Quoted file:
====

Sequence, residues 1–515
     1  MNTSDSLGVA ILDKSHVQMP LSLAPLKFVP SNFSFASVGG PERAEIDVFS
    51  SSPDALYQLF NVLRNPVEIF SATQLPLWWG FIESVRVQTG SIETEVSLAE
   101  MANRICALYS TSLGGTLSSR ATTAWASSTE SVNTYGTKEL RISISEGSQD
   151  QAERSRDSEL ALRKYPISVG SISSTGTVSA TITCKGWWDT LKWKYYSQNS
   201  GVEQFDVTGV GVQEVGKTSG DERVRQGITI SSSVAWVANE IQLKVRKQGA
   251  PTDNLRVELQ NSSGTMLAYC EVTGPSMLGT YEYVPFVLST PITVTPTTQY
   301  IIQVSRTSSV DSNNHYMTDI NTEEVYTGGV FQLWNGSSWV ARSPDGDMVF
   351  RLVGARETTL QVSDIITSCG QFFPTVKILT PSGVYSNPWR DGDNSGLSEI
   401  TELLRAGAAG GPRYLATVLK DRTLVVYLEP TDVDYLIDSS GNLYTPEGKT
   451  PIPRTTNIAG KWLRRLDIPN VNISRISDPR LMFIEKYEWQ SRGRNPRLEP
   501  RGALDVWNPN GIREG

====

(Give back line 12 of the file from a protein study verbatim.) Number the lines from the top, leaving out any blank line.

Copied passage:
   501  RGALDVWNPN GIREG